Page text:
(Post title updated at 1:33 pm)
On June 19, 1865, two and a half years after U.S. President Abraham Lincoln issued the Emancipation Proclamation, enslaved Blacks in Galveston Bay, Texas were finally informed that they were free. Juneteenth is a holiday honoring this moment. For many African Americans, it is also symbolic of Black people’s continuing struggle for freedom. It holds a special significance this year because of all the recent events reminding Black people that, despite official proclamations, there is still a ways to go on the journey towards equality and justice.
Today, I want to share links to two short pieces of reading about Juneteenth.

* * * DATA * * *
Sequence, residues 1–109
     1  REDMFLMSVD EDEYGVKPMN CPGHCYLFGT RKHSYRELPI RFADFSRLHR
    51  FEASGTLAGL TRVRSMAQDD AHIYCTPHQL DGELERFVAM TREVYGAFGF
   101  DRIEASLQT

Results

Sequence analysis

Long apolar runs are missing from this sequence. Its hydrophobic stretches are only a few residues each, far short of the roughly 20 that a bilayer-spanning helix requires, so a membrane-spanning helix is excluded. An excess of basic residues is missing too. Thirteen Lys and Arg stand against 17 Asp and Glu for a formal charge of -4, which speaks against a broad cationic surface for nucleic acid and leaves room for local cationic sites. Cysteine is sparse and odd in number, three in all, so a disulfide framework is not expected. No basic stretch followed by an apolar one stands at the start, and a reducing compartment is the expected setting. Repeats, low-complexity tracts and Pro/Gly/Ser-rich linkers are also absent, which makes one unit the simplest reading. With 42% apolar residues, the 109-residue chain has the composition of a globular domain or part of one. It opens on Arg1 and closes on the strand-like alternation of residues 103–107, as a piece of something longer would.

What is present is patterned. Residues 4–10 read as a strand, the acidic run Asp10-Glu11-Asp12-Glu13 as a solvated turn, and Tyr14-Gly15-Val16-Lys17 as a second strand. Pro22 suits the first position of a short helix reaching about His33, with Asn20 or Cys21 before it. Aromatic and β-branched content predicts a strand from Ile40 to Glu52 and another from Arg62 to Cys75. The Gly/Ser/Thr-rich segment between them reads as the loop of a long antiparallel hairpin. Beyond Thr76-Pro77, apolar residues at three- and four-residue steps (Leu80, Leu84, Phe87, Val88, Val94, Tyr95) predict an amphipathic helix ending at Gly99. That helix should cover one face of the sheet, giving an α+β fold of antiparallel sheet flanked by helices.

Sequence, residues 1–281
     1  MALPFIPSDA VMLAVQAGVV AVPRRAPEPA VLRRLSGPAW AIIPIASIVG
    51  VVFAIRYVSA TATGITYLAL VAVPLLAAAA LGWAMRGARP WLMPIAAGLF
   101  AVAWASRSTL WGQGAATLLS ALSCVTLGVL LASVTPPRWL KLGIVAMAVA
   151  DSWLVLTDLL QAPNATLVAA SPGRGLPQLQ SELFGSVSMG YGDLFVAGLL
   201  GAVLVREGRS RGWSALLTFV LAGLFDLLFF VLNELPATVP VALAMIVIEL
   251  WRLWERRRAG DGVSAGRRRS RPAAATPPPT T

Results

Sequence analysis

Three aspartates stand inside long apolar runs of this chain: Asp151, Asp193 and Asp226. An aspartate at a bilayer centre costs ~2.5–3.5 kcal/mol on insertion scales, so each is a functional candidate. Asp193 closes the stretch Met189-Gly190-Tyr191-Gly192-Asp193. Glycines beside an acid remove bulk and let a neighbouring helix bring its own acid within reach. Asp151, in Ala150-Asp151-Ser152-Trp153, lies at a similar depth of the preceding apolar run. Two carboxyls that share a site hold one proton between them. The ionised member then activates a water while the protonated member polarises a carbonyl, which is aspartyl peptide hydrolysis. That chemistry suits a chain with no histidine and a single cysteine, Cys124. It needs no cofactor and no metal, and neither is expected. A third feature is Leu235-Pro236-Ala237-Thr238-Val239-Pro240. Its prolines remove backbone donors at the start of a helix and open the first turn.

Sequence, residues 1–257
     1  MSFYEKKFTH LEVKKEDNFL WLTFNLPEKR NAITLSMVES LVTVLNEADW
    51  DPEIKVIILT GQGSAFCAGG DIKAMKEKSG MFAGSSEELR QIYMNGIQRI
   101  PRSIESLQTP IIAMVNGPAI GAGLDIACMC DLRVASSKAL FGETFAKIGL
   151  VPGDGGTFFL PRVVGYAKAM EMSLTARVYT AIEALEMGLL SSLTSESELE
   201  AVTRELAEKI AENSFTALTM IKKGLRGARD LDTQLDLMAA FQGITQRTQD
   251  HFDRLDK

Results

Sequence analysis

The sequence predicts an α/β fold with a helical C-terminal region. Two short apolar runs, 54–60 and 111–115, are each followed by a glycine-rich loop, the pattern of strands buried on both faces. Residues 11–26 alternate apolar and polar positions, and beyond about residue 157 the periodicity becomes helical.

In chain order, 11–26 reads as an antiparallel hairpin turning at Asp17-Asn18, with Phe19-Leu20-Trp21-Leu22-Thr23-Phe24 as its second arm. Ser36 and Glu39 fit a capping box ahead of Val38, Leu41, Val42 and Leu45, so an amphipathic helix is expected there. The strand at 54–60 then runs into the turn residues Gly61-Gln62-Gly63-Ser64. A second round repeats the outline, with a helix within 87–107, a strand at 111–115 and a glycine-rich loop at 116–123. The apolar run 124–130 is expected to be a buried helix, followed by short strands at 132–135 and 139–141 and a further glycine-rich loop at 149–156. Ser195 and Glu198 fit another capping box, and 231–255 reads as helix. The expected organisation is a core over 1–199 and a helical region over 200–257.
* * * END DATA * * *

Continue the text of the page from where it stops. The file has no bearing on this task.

The Historical Legacy of Juneteenth (From the NMAAHC)
This brief history of the holiday features a picture of a family at a Juneteenth celebration in 1900 and a picture of Lincoln’s Emancipation Proclamation.
What is Juneteenth? (June 17, 2013 article in The Root, written by Henry Louis Gates, Jr.)
In this article, Professor Henry Louis (“Skip”) Gates, Jr. discusses not only the holiday’s history, but also “alternate” emancipation holidays and the evolution of the Juneteenth holiday in contemporary times.
I hope you enjoy reading both of these pieces and that you find ways to express support for racial equality and freedom, today and every day.